Ngoh raised his spear and thrust forward. The eland bounded from cover, heading directly at him, its spiral horns pointed at his chest. He braced himself in the path of the prey. His good foot supported most of his weight, the spear pointed forward at chest height. The antelope was not fully grown, but still heavy enough to charge through Temfe and kill him if he was careless. Temfe would have to stand his ground unwavering to make the beast turn and flee, so he could strike at its flank.
The eland saw Temfe, veered to the right and ran. Temfe lurched forward to strike, but the animal was past him and heading for the open plain.
Ngoh laughed, excited but exhausted. The chance was gone. “Nothing all day,” he said. “Roots and berries again tonight. I’m sick of it.”
Temfe grimaced and hunger squirmed in his stomach. The women never found enough for the whole tribe. Most of the fruit trees were bare, waiting for rains that never came. “Why did they leave?”
“Kofu,” Ngoh said. “It’s how he is.”
“He’s caught nothing for days. Yet they follow him.”
“He’s older.” Ngoh shrugged.
The two friends were the youngest in the hunting party, both in their seventeenth year, but still not treated as equals by the older men. To some of them, Temfe was a nuisance, a cripple who should be left at home.
“They chase dreams,” Temfe said. “I find real prey, but no one listens.”
He heard a shout in the distance. A hunting party, but not from the Koriba. Another tribe was on their lands. He saw them, through the trees. “Tenga,” he said.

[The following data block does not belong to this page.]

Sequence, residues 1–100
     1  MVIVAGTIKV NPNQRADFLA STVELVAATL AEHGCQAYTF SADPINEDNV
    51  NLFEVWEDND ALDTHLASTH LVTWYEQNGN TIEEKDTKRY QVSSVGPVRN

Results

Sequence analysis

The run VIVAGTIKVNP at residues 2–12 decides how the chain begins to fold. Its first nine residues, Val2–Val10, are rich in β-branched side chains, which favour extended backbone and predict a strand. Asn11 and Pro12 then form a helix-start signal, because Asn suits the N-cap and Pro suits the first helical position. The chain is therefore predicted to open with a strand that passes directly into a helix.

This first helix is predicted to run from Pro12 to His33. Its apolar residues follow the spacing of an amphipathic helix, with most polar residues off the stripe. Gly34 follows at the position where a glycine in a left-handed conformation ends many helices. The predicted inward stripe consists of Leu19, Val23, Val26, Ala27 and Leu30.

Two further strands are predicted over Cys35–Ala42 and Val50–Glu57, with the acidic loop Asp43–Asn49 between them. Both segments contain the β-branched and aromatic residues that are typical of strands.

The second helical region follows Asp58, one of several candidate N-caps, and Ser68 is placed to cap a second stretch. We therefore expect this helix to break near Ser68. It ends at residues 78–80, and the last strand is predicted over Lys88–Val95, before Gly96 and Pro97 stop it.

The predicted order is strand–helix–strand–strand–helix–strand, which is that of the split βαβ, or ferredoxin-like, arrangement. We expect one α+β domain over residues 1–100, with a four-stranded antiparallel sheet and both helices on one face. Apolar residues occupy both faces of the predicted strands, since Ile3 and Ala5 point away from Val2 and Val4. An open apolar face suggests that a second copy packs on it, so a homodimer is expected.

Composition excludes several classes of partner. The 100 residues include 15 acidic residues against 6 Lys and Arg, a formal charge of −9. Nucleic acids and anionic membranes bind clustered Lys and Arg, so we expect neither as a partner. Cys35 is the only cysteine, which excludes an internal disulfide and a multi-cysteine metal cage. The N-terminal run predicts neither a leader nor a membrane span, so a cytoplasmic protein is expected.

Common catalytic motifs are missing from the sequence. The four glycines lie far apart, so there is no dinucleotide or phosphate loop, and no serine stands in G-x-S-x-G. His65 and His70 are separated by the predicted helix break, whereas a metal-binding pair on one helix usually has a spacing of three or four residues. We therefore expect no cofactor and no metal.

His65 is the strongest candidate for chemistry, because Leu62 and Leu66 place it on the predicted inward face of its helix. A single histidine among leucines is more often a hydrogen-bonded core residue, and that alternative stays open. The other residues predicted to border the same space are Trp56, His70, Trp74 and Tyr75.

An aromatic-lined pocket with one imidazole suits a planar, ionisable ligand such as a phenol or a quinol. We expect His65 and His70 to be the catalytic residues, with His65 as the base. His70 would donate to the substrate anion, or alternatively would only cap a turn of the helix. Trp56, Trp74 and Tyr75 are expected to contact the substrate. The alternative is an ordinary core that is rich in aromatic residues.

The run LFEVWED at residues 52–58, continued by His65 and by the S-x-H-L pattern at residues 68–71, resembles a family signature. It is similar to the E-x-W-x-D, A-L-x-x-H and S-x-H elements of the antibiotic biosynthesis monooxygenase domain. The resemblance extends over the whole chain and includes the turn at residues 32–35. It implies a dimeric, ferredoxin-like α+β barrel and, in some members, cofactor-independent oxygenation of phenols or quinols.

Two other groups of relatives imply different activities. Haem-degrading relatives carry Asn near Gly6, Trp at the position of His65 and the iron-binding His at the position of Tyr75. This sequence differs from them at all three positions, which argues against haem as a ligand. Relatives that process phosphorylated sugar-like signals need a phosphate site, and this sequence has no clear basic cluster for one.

The eland charged back towards them, fleeing the new hunters. Temfe and Ngoh exchanged no words, but acted together, instinctively taking up positions that would block and confuse the animal. By making it stop, turn, and stop again the beast lost its advantage of speed. It ran back towards the Tenga hunters who charged through the trees. Temfe struck out, his spear landing a blow on its flank. The animal stuttered but kept running. It panicked, and headed straight into three Tenga, who brought it down.
The hunters shouted in triumph.
“It’s a good thing, after all, that Kofu isn’t here,” Ngoh said.
The leader of the Tenga waved to Temfe, gesturing him forward. “Share the kill,” he said. “You struck the first blow.”
Temfe bowed his head in recognition of the kindness. The Tenga had brought the animal down, and there were many more of them. If they had taken all the food, there would have been little he and Ngoh could do.
“It’s Koriba land,” Ngoh said. “It’s our prey.”
“It belongs to both. We share,” Temfe said.
His father had welcomed the other tribes onto the lands of the Koriba. “We can’t leave them hungry,” Beru had said. “They are our brothers, our friends.”
That angered Kofu, and the hunters spoke of it bitterly. Let the others starve, save the Koriba, Kofu said, and many listened.